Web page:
Write Your Novel Step by Step (Step 2)

Step 2: How to Come Up with Ideas  

Raw creativity is all about coming up with ideas from scratch – in other words, making something from nothing.  But when ideas won’t come, we are suffering from the all-too-familiar “writer’s block.”

Though creative blocks aren’t exclusive to writers, (i.e. a batting slump or derivative music), writers have to be more continuously creative, moment to moment, in a way not many other professions require.

Even more common are the less extreme cases wherein ideas come like molasses.  Sure, you make progress, but the pace of it is so excruciatingly slow!  Worse, the more you try to force it along, the more the pace declines.

If you’ve ever suffered through a creative bottleneck or a complete shut down, fear no more!  Here in Step 2 of How To Write Your Novel we’ll provide you with a whole toolkit of surefire techniques for banishing creative blocks and slowdowns once and for all.

To begin with, there are two causes of writer’s block which, when remedied, open the valve to full creative flow:  One, a mental obstacle to creativity and two, a lack of fresh input.

In the first case it is as if a mechanism in the mind has seized up – not unlike a stuck gear.  Other mental processes may be working just fine, but the place that generates the particular kinds of ideas you need won’t budge.

This is, in fact, the way half of all cases of writer’s block feel while they are occurring: as if something in your mind that used to work has frozen in place, put up a moat, or become impenetrably dark.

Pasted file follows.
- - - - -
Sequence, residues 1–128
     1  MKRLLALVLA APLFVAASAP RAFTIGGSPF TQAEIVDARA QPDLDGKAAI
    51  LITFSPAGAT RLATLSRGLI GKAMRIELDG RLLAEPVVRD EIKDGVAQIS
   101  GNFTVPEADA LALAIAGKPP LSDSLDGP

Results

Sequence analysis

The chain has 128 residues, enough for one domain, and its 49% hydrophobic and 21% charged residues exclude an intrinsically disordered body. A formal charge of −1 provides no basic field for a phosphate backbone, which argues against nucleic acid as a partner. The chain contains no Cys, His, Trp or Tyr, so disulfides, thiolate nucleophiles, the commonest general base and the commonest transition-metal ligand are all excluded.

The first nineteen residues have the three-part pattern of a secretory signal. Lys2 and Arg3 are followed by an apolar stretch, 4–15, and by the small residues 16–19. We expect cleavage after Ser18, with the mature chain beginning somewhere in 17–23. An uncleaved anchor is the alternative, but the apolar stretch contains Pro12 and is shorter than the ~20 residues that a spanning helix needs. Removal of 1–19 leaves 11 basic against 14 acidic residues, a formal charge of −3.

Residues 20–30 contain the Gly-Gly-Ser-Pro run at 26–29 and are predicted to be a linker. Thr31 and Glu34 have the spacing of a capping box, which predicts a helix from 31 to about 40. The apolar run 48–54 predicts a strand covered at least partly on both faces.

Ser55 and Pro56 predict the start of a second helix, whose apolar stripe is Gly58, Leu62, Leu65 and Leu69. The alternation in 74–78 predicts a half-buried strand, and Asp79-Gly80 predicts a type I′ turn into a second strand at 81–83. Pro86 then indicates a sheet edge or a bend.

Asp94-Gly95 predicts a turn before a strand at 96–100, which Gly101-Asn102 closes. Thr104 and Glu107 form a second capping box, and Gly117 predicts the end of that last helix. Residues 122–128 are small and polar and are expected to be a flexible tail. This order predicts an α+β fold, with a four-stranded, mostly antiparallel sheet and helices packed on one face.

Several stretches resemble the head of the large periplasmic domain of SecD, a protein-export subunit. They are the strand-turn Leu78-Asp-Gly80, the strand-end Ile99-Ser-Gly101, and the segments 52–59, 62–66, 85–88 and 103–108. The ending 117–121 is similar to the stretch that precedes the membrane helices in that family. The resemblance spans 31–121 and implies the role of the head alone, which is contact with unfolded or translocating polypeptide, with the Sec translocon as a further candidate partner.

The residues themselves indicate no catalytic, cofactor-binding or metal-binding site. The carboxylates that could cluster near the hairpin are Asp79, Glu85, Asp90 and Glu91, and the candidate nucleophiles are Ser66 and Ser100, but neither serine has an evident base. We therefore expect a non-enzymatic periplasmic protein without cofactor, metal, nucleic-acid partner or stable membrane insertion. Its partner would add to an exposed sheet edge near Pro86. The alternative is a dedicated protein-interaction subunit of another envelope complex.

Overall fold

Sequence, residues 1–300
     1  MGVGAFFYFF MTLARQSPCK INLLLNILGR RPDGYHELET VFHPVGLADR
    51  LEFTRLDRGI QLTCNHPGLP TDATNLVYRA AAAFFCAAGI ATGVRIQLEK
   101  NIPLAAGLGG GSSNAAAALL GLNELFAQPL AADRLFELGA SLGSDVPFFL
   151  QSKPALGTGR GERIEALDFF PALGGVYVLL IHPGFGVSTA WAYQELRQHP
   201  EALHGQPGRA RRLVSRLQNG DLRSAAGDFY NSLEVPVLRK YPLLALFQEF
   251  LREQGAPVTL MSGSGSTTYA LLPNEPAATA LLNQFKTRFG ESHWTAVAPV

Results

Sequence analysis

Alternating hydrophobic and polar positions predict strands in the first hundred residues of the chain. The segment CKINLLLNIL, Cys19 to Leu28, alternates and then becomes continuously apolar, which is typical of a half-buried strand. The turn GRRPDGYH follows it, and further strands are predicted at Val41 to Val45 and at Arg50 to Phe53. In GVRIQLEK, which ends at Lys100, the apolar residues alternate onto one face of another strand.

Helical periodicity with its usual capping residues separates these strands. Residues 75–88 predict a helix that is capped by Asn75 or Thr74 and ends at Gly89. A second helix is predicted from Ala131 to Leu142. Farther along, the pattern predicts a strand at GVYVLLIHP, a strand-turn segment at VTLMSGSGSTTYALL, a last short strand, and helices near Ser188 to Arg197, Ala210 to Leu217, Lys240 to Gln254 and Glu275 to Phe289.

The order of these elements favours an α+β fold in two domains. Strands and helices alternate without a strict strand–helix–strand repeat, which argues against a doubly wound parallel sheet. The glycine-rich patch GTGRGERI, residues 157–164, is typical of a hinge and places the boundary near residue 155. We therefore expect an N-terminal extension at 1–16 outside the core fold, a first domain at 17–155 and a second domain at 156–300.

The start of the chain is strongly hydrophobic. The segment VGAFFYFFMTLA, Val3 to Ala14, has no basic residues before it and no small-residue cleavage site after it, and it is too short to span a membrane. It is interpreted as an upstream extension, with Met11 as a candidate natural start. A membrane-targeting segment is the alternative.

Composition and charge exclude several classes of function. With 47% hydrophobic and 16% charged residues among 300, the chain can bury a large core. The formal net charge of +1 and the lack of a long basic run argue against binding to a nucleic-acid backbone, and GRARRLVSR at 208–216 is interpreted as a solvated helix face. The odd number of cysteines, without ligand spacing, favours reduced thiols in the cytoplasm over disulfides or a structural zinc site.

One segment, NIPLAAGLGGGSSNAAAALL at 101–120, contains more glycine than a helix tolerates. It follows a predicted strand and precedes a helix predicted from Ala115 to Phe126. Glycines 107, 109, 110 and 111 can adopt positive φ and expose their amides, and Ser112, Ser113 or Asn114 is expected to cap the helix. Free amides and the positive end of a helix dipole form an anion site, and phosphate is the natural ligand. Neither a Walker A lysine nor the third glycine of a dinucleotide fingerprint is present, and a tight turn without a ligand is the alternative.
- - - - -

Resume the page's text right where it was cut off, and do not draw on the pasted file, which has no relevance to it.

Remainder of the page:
The second type of writer’s block feels like a great emptiness, as if the mind is a desert in which nothing can grow – the mental equivalent of a blank piece of paper and you’re fresh out of mental pencils.

In this version of the writer’s block issue, the mind’s machine is running just fine – like a windmill in a favorable breeze.  Problem is, there’s no grain for the mill to grind.

We’re going to explore these one at a time, then bring our conclusions together into a single methodology for putting writer’s block behind you once and for all.

Writer’s Block Type One: The Seized-Up Mind

To understand how to break-up this kind of mental log jam, we first must understand how it happens in the first place.

Creativity is half intellect and half passion.  Each is a separate mechanism and, left to its own devices, functions quite fine.  But our minds mesh the two together, one driving the other, then the other way ’round, all in the hopes of reaching a consensus.  When it works, we spout brilliance.  But when the results of these two parallel processes are in conflict or contradiction, and when repeated attempt to resolve that differential fail, the force of both processes collide like two meshed gears trying to move in opposite directions, and the flow of ideas grinds to a halt.